In 11 years my pretax 457 funds if double from 1.6 million to 3 million, due to RMD my distributions will be 257K (32% Tax Bracket) a year more than my annual salary (24% tax bracket) once was.
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Re: Is COMPLETE retirement overrated?

Post by wrongfunds »

retire2022 wrote: Wed Sep 15, 2021 1:59 pm
ramram22 wrote: Tue Sep 14, 2021 11:14 am
2). The main point that I was trying to make is that people on this website seem to be hyper-focused on maximizing efficiency of their capital while completely discounting another huge source of leverage, i.e. other people’s labor. There’s a reason that the Forbes 400 are all business owners and not passive equity investors. If you rely solely on your own labor and savings, you’re going to have to trade away a lot larger portion of your life to achieve financial independence.
While I can't speak for others on this forum, at 61 I just retired with full pension, which includes health benefits and 2.6 million portfolio.

I don't need to work nor want to.

I can live on my assets, my expenses last year was 48K.

In 11 years my pretax 457 funds if double from 1.6 million to 3 million, due to RMD my distributions will be 257K (32% Tax Bracket) a year more than my annual salary (24% tax bracket) once was.
And what are you doing to solve that HUGE problem if I may ask? (actually your numbers are incorrect as the 3 million will not result in 257K RMD unless that is the total of your income including pension+SS+RMD)
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Re: Is COMPLETE retirement overrated?

Post by CyclingDuo »

bb wrote: Tue Sep 14, 2021 12:48 pm Yes - please share details on earning $60K for 1 hr per week of work.

Prediction - crickets.
You could pitch 3-4 innings per week, or maybe even 2x a week. That only pays, on average, $6.9M in annual salary and you have to wear the required uniform. However, it's nice work for those who can do it in the majors. :mrgreen:
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Re: Is COMPLETE retirement overrated?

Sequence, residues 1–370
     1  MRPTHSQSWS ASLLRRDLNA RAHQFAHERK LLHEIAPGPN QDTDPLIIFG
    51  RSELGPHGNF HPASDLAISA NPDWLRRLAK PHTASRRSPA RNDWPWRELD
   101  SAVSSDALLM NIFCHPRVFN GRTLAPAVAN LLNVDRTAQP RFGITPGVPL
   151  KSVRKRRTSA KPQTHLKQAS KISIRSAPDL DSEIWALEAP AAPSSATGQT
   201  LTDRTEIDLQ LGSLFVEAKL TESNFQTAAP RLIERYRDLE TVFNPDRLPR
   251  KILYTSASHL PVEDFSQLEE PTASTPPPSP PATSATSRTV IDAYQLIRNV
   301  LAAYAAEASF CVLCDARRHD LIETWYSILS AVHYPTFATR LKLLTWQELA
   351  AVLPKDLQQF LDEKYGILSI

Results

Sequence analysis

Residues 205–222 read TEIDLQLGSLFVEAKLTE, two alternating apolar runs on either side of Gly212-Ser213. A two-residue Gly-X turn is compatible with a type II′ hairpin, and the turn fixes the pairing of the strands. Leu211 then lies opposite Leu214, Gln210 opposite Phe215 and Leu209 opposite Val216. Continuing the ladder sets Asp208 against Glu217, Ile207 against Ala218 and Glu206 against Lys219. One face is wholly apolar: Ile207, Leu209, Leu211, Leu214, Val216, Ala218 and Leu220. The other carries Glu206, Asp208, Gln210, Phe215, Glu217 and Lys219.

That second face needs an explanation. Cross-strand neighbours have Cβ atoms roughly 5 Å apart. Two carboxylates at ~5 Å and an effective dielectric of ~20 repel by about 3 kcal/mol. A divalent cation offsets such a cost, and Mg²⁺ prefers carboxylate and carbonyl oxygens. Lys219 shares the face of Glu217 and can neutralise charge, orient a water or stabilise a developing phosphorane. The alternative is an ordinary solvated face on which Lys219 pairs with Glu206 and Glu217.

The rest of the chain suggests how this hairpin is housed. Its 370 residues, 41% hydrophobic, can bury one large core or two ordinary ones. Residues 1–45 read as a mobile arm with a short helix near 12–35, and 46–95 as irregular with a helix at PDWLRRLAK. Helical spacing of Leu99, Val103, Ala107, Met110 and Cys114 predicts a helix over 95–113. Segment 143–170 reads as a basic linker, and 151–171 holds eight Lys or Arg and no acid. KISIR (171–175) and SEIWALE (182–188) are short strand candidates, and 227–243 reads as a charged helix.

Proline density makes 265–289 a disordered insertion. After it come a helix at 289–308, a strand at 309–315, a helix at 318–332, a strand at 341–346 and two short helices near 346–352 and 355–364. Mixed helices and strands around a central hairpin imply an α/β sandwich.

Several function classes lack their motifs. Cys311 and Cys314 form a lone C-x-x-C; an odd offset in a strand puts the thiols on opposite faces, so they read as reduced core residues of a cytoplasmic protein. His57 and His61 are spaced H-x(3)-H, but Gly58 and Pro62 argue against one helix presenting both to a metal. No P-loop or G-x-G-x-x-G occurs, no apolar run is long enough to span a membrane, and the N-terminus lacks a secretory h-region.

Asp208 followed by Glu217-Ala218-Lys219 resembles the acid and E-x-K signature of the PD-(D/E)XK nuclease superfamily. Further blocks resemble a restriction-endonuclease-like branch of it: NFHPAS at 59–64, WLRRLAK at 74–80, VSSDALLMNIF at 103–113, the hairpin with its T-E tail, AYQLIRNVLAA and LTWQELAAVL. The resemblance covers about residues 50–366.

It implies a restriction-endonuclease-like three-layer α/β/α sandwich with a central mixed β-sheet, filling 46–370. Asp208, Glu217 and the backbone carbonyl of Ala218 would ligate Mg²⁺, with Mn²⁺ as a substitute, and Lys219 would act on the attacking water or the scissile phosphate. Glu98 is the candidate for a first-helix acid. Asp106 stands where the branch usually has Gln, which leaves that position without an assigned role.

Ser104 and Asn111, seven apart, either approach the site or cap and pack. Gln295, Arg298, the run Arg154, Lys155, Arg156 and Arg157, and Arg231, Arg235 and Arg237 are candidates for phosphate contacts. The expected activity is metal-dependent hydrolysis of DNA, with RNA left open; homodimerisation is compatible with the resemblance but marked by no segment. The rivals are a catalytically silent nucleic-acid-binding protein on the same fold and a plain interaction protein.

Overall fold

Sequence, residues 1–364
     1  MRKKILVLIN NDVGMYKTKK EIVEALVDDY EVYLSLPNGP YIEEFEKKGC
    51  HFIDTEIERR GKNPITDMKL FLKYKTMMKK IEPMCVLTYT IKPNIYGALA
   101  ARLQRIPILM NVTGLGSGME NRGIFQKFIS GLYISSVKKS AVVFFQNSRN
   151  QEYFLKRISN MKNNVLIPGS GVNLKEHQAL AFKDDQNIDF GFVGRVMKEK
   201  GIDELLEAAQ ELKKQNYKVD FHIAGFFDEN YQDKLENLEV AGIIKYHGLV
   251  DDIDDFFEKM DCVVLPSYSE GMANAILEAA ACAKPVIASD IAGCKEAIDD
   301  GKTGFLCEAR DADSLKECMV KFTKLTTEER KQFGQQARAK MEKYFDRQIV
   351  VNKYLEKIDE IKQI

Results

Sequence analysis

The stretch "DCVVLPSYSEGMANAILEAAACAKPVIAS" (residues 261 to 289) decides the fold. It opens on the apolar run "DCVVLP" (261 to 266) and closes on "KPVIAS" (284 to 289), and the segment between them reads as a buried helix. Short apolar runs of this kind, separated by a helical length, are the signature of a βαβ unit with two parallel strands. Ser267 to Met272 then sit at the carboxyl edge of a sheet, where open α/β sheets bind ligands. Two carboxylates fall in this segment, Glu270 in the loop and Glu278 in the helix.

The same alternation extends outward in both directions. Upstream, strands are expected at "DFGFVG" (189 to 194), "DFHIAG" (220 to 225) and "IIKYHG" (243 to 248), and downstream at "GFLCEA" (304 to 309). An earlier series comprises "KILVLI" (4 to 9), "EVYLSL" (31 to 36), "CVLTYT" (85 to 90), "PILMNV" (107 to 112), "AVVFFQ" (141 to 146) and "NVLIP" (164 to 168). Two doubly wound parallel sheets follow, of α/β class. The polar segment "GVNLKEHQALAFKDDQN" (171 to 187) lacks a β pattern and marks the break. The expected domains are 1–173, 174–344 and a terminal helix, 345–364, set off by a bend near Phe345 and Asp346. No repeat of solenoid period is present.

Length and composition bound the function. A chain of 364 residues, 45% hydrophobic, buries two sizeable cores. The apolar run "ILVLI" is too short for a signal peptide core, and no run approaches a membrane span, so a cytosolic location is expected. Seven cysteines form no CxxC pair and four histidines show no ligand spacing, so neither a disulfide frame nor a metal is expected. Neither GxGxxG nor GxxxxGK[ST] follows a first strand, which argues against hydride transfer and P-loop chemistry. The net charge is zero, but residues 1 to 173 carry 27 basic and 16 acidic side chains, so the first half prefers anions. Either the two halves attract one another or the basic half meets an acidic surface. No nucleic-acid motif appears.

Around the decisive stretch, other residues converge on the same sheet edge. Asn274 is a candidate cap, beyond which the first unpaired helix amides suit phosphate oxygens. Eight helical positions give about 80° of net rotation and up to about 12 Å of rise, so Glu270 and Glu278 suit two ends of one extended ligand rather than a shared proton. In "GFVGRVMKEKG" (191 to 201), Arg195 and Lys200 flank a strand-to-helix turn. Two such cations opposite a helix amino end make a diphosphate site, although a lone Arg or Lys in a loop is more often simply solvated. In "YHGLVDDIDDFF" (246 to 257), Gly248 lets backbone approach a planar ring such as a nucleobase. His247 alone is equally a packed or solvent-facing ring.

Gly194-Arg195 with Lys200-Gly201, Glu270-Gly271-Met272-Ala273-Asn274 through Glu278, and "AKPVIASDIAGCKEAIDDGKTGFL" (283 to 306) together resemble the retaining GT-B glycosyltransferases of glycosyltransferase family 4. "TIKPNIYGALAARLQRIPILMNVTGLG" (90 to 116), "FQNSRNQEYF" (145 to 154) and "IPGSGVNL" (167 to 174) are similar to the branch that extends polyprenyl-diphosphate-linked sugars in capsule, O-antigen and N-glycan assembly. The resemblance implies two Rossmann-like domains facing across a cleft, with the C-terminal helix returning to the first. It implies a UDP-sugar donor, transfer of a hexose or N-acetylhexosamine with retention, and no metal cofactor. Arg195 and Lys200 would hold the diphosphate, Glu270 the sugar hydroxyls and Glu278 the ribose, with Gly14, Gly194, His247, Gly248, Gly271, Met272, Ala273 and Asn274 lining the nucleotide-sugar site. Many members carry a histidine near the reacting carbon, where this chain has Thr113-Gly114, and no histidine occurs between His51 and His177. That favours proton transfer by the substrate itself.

Post by retire2022 »

wrongfunds wrote: Wed Sep 15, 2021 2:12 pm
And what are you doing to solve that HUGE problem if I may ask? (actually your numbers are incorrect as the 3 million will not result in 257K RMD unless that is the total of your income including pension+SS+RMD)
I am in process of discussing Roth Conversions with my accountant.

Yes pension and SSA will push it up I used the Charles Schwab calculator.
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Re: Is COMPLETE retirement overrated?

Post by surfstar »

ramram22 wrote: Tue Sep 14, 2021 1:06 am Anyone else have plans to do something similar? Why is this not more discussed in these types of forums?
Nope. Work is overrated. Also discussed ad nauseum on the forum, IMO. Some people will work until they die, even though they do not have to. *shrug*
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Re: Is COMPLETE retirement overrated?

Post by loghound »

The OP had a legitimate question (why don't people semi-retire early) but folks have gotten caught up in the "$60k/hr/yr" which does seem.... optimistic.... but if we ignore that specific subway/gas station example and just focus on the question of 'why it's not discussed' its an interesting discussion.

I think a lot of people have summarized it we but the reasons you don't see a lot of discussion is:
  • The bogle head forum is not so much a "FIRE as fast as possible" group of folks. Arguably it's a group of largely risk-adverse people who prefer the slow-steady (but likely) path over a higher risk approach so you don't see a lot of this kind of thought. You may have picked the wrong audience to ask..
  • Side hustles are, often, a lot of work (this get's to the 'work or an hour a week for $60k claim') -- and that is not really retiring as much as a career change... There is a lot of discussion around people who are asking if they can take a 'less stressful/less money job' and if you look you'll find plenty of those (although what the OP describe strikes me as pretty stressful)
  • Most bogleheads would rather be set financially (whatever that means for them) and allowed then to pursue side hustles as their interest dictates (as someone who took on a side hustle once 'for fun' and then realized three years later it was not so much fun anymore because I was forced to do a bunch of stuff I didn't have interest in anymore I can tell you that the freedom to decide when & how to control your time is a great gift)
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Re: Is COMPLETE retirement overrated?

Post by secondopinion »

surfstar wrote: Wed Sep 15, 2021 2:30 pm
ramram22 wrote: Tue Sep 14, 2021 1:06 am Anyone else have plans to do something similar? Why is this not more discussed in these types of forums?
Nope. Work is overrated. Also discussed ad nauseum on the forum, IMO. Some people will work until they die, even though they do not have to. *shrug*
Sometimes, the work is a way to socialize. If that is the case, then it is one of the cheapest ways of doing so because one gets paid to do it.

Each person is different; long-term happiness is the ultimate goal.